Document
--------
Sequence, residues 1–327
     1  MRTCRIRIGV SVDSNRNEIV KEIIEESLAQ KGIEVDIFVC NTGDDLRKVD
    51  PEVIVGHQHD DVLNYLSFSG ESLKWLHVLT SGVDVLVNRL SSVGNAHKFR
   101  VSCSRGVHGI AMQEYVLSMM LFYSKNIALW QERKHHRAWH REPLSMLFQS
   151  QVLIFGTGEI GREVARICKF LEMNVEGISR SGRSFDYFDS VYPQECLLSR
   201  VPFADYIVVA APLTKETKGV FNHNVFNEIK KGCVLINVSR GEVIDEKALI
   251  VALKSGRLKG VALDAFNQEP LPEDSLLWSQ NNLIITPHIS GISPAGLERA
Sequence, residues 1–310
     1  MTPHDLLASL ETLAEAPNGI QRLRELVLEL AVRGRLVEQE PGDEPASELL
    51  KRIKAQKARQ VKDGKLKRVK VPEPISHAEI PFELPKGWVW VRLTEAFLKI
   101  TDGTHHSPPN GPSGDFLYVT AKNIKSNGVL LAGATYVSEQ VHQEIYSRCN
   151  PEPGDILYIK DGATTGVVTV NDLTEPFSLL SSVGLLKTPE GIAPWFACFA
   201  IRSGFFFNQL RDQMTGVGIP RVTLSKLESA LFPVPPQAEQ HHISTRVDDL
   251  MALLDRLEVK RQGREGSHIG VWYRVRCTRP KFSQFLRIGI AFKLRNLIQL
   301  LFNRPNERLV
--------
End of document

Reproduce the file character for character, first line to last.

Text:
Sequence, residues 1–327
     1  MRTCRIRIGV SVDSNRNEIV KEIIEESLAQ KGIEVDIFVC NTGDDLRKVD
    51  PEVIVGHQHD DVLNYLSFSG ESLKWLHVLT SGVDVLVNRL SSVGNAHKFR
   101  VSCSRGVHGI AMQEYVLSMM LFYSKNIALW QERKHHRAWH REPLSMLFQS
   151  QVLIFGTGEI GREVARICKF LEMNVEGISR SGRSFDYFDS VYPQECLLSR
   201  VPFADYIVVA APLTKETKGV FNHNVFNEIK KGCVLINVSR GEVIDEKALI
   251  VALKSGRLKG VALDAFNQEP LPEDSLLWSQ NNLIITPHIS GISPAGLERA
Sequence, residues 1–310
     1  MTPHDLLASL ETLAEAPNGI QRLRELVLEL AVRGRLVEQE PGDEPASELL
    51  KRIKAQKARQ VKDGKLKRVK VPEPISHAEI PFELPKGWVW VRLTEAFLKI
   101  TDGTHHSPPN GPSGDFLYVT AKNIKSNGVL LAGATYVSEQ VHQEIYSRCN
   151  PEPGDILYIK DGATTGVVTV NDLTEPFSLL SSVGLLKTPE GIAPWFACFA
   201  IRSGFFFNQL RDQMTGVGIP RVTLSKLESA LFPVPPQAEQ HHISTRVDDL
   251  MALLDRLEVK RQGREGSHIG VWYRVRCTRP KFSQFLRIGI AFKLRNLIQL
   301  LFNRPNERLV